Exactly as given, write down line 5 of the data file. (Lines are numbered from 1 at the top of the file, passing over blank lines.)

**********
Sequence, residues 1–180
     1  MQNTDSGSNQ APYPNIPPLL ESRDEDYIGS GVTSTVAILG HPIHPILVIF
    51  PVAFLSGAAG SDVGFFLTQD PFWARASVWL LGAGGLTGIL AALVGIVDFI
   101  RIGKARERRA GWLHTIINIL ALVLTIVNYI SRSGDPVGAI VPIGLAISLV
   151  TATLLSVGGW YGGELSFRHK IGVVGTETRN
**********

   151  TATLLSVGGW YGGELSFRHK IGVVGTETRN